Putting the Power in Your Hands

With the holiday season in full swing Logitech has come up with the perfect stocking stuffer just in time.  Late in November Logitech set out on a mission to bring a sleek design of analog controls to the iPhone.  Now available for purchase for only $100 is the Logitech PowerShell which is compatible with iPhone 5 and 5s as well as any fifth gen iPod running on iOS7.  After snapping on the PowerShell the user will have a right and left bumper, directional pad and four face buttons.  While many would think the PowerShell may drain the battery it is equipped with a 1500 mAh battery used as a backup to the battery of the iOS7 device it is attached to.  Also by connecting the charger it allows for simultaneous charge of both devices.  

While developers mentioned that nearly any game could be supported by the PowerShell, thanks to direct backing from Apple, some notable iOS games such as Fast and Furious 6, Nitro and MetalStorm Aces have been compatible with the PowerShell since launch.  Available at Best Buy or directly from Apple’s online store the PowerShell has seen great success with rave reviews making it a must have for gamers everywhere.  Look for Logitech to announce improvements in the new year and keep your eyes open for PowerShell compatible games in the App Store.

The PowerShell is a welcome addition to the gaming market and looks to be a more lightweight version to the iControlPad.  The iControlPad came out in 2007 and had a similar snap-on feature to that of the PowerShell.  The iControlPad is bigger than the PowerShell and equips two analog sticks as well as four directional buttons and four face buttons.  With the iControlPad being older than the PowerShell not all of the same games can be played on both.  To order an iControlPad or learn information go to iControlPad.com.  For more information on the PowerShell and how you can get it before the holiday season go to Best Buy or visit logitech.com.

from Douglas MacFaddin’s Video Game and Media Page http://dougmacfaddin.com/putting-the-power-in-your-hands/


Published by: Doug MacFaddin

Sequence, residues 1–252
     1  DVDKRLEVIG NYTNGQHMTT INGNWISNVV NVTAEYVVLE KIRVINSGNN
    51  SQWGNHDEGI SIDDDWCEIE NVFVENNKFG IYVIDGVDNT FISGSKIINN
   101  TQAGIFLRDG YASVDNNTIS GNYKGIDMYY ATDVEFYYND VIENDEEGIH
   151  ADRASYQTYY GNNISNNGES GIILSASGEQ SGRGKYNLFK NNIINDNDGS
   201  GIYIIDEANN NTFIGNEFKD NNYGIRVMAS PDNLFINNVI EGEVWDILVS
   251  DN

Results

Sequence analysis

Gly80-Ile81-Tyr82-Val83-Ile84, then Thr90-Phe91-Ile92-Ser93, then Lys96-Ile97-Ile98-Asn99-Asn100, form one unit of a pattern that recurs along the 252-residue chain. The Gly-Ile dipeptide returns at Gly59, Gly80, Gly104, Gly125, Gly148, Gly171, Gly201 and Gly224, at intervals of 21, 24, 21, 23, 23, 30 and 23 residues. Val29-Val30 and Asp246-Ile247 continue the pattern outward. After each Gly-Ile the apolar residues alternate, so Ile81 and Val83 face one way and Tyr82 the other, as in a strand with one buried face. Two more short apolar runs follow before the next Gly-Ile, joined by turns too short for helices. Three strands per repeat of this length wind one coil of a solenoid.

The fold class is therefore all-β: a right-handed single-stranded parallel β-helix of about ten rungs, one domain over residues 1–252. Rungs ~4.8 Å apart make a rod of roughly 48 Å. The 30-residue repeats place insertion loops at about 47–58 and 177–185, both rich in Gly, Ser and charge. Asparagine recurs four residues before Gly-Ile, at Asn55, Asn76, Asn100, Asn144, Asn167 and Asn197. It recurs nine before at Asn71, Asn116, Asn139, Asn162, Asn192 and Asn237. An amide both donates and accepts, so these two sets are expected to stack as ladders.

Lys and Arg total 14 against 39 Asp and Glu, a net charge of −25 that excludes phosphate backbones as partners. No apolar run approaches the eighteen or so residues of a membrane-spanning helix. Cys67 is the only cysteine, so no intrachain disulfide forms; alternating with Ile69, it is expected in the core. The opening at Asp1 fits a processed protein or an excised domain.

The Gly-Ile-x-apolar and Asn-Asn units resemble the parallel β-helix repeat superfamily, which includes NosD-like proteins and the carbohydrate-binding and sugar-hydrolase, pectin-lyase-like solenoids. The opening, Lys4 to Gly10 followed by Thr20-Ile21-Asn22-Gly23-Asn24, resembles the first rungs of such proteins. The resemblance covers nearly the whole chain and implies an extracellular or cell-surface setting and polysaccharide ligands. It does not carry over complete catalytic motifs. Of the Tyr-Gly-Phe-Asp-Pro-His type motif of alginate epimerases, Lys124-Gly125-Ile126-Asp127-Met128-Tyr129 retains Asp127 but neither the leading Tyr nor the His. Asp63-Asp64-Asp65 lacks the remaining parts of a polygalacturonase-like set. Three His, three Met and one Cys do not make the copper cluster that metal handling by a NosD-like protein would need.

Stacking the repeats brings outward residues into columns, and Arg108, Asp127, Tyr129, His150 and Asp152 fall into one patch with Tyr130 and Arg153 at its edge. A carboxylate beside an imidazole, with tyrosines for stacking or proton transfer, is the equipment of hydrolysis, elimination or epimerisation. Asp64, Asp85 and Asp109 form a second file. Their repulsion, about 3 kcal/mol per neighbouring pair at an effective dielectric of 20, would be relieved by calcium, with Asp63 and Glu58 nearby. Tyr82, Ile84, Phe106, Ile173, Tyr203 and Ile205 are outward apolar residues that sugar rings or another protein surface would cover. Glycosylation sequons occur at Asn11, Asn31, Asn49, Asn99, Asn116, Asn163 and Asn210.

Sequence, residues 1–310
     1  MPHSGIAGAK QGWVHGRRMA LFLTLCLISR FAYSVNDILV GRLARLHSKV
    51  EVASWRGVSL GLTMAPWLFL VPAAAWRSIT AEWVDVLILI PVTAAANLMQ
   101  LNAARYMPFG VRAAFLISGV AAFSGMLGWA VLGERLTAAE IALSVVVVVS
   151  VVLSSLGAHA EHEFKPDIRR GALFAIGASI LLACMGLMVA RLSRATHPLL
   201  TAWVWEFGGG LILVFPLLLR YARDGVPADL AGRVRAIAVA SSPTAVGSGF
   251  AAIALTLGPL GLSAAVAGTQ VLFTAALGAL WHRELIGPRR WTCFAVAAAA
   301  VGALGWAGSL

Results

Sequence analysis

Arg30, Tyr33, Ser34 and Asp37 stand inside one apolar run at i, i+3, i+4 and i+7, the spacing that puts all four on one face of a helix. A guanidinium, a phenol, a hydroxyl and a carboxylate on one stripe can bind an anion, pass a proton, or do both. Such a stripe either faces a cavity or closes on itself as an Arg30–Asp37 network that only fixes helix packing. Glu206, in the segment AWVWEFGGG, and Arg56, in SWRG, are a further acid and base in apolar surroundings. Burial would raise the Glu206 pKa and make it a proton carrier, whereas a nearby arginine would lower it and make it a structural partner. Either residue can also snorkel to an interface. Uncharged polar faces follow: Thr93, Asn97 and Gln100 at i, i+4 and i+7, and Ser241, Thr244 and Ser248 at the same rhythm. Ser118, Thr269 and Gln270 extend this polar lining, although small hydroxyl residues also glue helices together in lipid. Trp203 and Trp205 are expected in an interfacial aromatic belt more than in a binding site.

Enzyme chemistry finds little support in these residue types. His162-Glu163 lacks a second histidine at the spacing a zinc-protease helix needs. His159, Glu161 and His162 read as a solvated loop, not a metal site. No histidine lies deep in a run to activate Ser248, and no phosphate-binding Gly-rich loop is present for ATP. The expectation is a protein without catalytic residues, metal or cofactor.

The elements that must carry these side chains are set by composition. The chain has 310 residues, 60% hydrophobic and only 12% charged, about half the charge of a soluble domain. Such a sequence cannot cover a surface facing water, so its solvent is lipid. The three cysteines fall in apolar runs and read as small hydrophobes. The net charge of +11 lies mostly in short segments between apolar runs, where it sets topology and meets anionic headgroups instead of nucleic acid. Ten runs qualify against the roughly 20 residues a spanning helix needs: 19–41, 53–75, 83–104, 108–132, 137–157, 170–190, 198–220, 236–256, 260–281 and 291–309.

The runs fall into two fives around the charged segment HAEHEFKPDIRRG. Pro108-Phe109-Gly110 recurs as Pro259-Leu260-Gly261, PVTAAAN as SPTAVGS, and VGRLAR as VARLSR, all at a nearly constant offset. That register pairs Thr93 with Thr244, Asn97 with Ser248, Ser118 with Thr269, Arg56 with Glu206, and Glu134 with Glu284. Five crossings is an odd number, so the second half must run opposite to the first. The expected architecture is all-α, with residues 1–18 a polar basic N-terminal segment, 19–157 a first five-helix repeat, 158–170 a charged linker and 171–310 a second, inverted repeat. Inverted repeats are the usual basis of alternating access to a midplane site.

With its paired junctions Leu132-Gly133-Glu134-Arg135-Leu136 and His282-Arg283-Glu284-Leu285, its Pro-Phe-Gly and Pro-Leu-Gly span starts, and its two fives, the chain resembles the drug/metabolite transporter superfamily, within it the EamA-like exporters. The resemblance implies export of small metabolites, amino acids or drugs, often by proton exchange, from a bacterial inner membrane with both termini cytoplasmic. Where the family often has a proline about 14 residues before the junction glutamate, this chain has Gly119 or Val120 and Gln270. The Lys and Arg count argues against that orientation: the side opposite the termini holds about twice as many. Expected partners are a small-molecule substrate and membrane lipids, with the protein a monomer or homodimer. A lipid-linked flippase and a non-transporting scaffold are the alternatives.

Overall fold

Douglas Willis MacFaddin was born June 16, 1961 in the Miamisburg Hospital to Patricia Ann MacFaddin and Richard Willis MacFaddin. My mother’s maiden name is Morrison and she is the youngest of seven children who were raised in Lycippus, PA. My father was the second of four children and was a twin. He was raised in the town of Viola, DE. At the time of my birth, my father worked at the Mound Laboratories in Miamisburg, Ohio in research. Mound was an Atomic Energy Commission facility for nuclear weapon research during the Cold War. My mother made a home for our family. My father passed away in 1991 and my mother is currently living in Avon, CT. Doug MacFaddin is the oldest of five children (Doug, R. Stuart, Anne Marie, Megan and Mary (Heather)). I lived in Ohio for two years, spent the next seven years in Murrysville, PA (outside of Pittsburgh), moved to Little Silver, NJ and relocated my senior year in high school to Avon, CT. My four siblings currently live with their families in Avon, CT and are members of St. Ann’s Church. I attended Mother of Sorrows School in Murrysville, PA. In NJ, I attended Little Silver Point Road School, Markham Place School and Christian Brothers Academy (CBA) in Lincroft, NJ for three years. My senior year, I attended Avon High School and I then spent the next four years at Union College, Schenectady, NY. I received a BS in Industrial Economics and graduated in June 1983. While at Salomon Brothers, I was asked to attend a two-week seminar for Public Finance at the University of Michigan in 1986. In Little Silver, I was involved in Troop 126 where I achieved the rank of Life Scout and was both a Patrol Leader and a Senior Patrol Leader. I also was an alter boy at St. James Catholic Church and spent summers a the Ship Ahoy Beach Club in Seabright, NJ and caddying at the Rumson Country Club. At Christian Brothers Academy, I wrestled for the varsity squad for three years. I took second in the districts my junior year and went on to the regionals. I also ran on their cross country team freshman year and was part of the CBA Colt team that hasn’t lost a duel meet since 1973. My senior year at Avon, I won the wrestling States (S). I went on to wrestle at Union College and qualified for the Div III nationals twice (1981, 1982) and was co-captain both years. My senior year at Avon, CT, I also won the States (S) in pole vaulting. It was the first time Avon High School had a state champ in two sports in the same year. During my four years, I earned nine varsity letters between wrestling, track and football. In 1979, I was accepted into The National Honor & Merit Scholars Society. Upon graduating from Union College, I accepted a position at Salomon Brothers Inc in August 1983. I was an analyst in their Public Finance department at One New York Plaza. I lived in Park Slope, Brooklyn and spent the next four years working at Salomon Brothers. As a result of Black Monday, October 19, 1987 the Public Finance Department of Salomon Brothers was jettisoned to conserve capital. By November 1, 1987, I was working at Dean Witter Reynolds in the new Public Finance Department made up of many of my former Salomon Brother’s colleagues. The new Department was located on the 57th floor of 2 World Trade Center.

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